Terms: Spr | Units: 2-4
Instructors: Fung, L. (PI)

PSYC 225: Mentorship and Clinical Engagement in Child/Adolescent and Adult Psychiatry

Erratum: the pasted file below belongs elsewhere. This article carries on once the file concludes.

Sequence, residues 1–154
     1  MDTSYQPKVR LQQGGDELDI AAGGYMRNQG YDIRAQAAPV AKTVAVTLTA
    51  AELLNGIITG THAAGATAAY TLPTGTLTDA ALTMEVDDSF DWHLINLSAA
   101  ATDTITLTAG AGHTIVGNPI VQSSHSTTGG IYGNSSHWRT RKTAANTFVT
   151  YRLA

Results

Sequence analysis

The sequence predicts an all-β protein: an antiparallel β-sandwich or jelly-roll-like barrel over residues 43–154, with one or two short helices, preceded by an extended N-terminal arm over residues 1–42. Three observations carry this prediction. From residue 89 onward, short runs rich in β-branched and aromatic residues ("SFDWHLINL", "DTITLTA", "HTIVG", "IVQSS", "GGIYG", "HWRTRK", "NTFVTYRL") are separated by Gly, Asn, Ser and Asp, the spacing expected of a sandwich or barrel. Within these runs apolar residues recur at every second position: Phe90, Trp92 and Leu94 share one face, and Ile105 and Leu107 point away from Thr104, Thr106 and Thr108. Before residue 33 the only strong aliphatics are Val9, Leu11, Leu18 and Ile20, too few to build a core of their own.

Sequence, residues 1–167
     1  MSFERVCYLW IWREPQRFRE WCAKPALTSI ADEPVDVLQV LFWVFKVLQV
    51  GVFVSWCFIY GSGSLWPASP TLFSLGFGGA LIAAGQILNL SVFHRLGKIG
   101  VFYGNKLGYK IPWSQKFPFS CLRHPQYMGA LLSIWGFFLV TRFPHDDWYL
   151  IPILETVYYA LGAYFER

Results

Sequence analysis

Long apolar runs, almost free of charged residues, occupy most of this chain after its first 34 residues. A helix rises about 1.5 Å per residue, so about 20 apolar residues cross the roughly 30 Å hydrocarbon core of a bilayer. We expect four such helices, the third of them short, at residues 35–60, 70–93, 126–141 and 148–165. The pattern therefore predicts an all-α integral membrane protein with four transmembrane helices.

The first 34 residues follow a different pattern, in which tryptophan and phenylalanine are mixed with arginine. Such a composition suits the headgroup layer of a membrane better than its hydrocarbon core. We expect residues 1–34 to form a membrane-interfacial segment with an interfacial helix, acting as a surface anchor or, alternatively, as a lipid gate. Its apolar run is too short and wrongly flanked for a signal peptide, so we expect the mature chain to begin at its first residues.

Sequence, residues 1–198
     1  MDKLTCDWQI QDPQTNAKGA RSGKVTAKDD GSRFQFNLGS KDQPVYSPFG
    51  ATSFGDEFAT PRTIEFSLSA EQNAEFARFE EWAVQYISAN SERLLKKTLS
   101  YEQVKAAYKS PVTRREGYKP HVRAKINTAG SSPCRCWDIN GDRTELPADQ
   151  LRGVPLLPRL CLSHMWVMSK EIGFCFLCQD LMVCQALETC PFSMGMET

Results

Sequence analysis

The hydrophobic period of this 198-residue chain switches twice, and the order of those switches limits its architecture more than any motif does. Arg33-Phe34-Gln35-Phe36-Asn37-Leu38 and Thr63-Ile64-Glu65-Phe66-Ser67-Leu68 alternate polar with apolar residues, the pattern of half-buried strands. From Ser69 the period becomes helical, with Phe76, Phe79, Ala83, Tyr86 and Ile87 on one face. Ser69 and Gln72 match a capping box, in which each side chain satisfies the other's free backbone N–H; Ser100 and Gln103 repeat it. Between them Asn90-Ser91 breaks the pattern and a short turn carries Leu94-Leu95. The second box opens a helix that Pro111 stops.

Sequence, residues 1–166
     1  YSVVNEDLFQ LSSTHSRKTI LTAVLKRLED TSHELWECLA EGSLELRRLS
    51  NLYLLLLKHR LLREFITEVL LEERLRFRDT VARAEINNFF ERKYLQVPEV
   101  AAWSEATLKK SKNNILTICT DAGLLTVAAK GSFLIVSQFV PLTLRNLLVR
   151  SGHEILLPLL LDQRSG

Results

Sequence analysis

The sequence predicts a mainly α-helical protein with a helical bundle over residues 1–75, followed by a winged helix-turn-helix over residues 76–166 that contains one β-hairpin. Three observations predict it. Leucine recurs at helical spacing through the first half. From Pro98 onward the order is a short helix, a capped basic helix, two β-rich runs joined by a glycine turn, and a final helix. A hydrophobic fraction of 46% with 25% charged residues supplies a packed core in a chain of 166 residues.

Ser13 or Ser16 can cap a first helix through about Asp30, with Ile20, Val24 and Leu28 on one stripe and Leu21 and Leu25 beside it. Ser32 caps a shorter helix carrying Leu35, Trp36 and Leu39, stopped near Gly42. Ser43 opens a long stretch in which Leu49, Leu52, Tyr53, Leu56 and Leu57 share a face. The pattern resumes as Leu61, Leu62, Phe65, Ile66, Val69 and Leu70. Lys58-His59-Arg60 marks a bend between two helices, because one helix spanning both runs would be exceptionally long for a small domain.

A mentoring program designed to expose first and second-year medical students to the rewarding fields of child/adolescent and adult psychiatry, and to increase awareness and education about child/adolescent and adult mental health issues. The early years of medical training consist primarily of didactic instruction, an almost universal challenge for students who enter medicine desiring to help and interact with patients. To increase engagement with the field, we bring clinical psychiatry to preclinical students, by interacting with patients and families, as follows. During our weekly seminar time, we interview a patient and family one week, then offer a debriefing, Q&A session the following week. The seminar includes open discussion, addressing questions about specific interactions with the child/adolescent or adult, diagnoses, and therapies used for treatment. Responses to students¿ questions invariably address evidence-based approaches to assessment and treatment of specific disorder more »